Dear Santa, in 2016 can we please have no more fringe pantos put on for fifty quid? I want transformations, flying and glitter. Thank you.
London pantomime options seem to have polarized into two equally camp camps. There’s the First Family Entertainment-dominated Cadbury-sponsored commercial stuff that circulates round ATG theatres at Richmond, Bromley, Wimbledon and the provinces recyling sets, costumes and Eric Potts-scripted jokes and providing generous winter fuel allowances for telly pensioners like Christopher Biggins or Lesley Joseph. Occasionally they’ll import some totemic American soap star who has no idea what the genre’s about and who takes the money for blinking in bewilderment and being able to walk upright. Although Linda Gray had to be almost wheeled on and off stage.
But at least they stick to the bones of a traditional panto – baddies, genies, fairy godmothers, principal boys and princesses, a chorus of at least eight dancers, sparkly sets and costumes which might have the whiff of Febreze but still look the part. Even if you have to sit through the gyrations of some runner-up street-dance troupe from Britain’s Got Talent, you’ll still get your full-blown Cinderella or Aladdin with its happy ending, song sheet and glittery walkdown.
At the other end of the scale you have scantily-rehearsed and only lightly-scripted material thrown on in a room above a pub where the glass slipper is a glitter-sprayed Oxfam flip-flop and the only way the audience is going to roar with delight is if it’s drunk or thriving on in-jokes for a specific coterie, for example the gay ones where people think the height of satirical wit is for the Dame to say ‘c*nt’ at any and every opportunity.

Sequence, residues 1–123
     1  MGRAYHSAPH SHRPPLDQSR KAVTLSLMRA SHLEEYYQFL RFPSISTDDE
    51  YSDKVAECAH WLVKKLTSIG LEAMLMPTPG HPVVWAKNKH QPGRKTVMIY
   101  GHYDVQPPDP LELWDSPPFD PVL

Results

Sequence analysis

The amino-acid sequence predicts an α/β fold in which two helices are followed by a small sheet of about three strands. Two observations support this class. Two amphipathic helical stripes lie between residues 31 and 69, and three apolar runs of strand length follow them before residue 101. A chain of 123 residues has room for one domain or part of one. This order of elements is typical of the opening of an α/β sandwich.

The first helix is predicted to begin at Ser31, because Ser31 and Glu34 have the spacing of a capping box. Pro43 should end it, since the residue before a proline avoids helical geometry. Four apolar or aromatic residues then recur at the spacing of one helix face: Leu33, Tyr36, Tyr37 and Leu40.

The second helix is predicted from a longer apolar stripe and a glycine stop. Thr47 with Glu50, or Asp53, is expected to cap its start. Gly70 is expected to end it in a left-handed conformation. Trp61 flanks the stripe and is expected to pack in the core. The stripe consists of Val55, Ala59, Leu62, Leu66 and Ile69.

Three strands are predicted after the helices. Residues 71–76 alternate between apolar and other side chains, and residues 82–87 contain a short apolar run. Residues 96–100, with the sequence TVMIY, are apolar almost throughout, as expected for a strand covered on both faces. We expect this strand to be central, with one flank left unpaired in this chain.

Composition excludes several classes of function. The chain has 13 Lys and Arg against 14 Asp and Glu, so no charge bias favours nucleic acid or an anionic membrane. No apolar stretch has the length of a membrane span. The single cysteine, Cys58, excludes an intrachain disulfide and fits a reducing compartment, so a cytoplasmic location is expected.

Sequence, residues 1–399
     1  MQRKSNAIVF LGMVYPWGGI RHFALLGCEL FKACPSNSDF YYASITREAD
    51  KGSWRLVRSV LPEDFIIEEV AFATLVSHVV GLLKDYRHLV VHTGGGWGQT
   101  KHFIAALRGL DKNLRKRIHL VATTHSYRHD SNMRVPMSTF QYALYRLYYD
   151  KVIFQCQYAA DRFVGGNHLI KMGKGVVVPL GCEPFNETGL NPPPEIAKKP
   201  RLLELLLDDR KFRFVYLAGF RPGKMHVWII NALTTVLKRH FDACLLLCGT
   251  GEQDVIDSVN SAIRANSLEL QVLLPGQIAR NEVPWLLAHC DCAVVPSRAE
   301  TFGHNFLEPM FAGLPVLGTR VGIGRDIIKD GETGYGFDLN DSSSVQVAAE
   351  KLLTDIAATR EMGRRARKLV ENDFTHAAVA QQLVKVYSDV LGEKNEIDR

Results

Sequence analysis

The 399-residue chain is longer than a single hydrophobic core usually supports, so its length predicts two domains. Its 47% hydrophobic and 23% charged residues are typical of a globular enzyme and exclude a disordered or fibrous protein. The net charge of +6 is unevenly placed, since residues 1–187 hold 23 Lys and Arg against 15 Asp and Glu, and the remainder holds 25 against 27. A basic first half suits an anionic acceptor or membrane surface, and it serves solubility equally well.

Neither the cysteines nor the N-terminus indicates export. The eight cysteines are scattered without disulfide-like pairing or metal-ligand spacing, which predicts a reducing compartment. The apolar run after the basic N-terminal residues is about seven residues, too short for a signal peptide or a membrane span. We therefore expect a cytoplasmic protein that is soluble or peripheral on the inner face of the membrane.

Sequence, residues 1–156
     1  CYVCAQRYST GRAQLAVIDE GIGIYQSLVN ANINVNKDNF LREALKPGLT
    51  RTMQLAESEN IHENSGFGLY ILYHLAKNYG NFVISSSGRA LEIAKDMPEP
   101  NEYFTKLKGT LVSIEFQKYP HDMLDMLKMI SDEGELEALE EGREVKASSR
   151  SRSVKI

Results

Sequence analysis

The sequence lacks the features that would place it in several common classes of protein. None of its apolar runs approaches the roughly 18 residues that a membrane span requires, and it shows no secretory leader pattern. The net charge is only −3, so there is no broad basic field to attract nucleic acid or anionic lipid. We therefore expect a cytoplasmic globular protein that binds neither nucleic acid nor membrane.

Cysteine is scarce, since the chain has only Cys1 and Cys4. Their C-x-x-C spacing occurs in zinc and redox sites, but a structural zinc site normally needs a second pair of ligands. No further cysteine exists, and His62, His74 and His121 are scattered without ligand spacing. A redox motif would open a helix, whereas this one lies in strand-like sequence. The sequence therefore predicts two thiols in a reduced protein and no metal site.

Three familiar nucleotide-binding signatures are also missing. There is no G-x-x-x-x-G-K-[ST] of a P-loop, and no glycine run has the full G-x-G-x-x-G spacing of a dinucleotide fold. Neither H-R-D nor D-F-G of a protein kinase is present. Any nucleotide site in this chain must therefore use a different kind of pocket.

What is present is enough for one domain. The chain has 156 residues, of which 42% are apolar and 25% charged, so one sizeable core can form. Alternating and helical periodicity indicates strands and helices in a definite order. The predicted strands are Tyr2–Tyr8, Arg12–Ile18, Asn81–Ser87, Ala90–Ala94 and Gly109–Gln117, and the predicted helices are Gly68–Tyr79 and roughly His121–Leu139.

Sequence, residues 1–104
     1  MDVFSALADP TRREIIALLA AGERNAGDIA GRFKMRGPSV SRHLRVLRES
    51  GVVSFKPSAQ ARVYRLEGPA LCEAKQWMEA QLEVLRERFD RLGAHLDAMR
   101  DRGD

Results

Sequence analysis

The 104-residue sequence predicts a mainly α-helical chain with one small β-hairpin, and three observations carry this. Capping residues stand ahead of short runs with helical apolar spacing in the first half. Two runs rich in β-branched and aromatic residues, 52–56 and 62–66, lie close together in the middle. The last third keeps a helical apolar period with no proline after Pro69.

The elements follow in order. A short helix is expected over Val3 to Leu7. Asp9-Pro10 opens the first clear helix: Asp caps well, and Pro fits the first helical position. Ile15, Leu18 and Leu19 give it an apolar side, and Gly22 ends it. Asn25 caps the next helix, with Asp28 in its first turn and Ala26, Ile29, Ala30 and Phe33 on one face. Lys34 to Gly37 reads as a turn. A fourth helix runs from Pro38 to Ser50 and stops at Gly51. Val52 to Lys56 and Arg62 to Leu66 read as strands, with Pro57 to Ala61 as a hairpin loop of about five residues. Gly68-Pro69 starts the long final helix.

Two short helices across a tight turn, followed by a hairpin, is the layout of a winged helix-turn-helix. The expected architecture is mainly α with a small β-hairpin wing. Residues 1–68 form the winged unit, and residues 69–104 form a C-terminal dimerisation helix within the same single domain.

At the LOST Theatre, in a shadowy and tubeless stretch of the Wandsworth Road but in a recognisably tiered and curtained auditorium with Kitten in Heels, director producer and dame Paul L Martin has at least tried something smarter: his script has up-to-the-minute topicality and some clever lines as well as the obvious groaners, and he himself puts class and energy into a properly characterized Widow Twankey.
Unfortunately, the small supporting cast includes good burlesque and cabaret performers who aren’t given their own chances to shine and have to shuffle too many characters in order to carry the plots of both Dick Whittington (which it mostly is) and Puss in Boots (which no-one knows the plot of anyway). Even me, and Puss was the first panto I was ever in, in London – Charing Cross Hospital Theatre, 1981 if you’re counting.
The music from a single keyboard is thin, there are some audibility issues, there’s no credible romance, the cast don’t adequately engage with the audience, and in fact in the row behind me an office hen party were making up their own jokes which were disturbing, but also disturbingly better than some of those on stage.
Maybe save your money for Hackney Empire where for 30 quid you get the best dame in Clive Rowe, and the wonderful Debbie Kurup climbing the beanstalk, surrounded with dancing silver stars and penguins.
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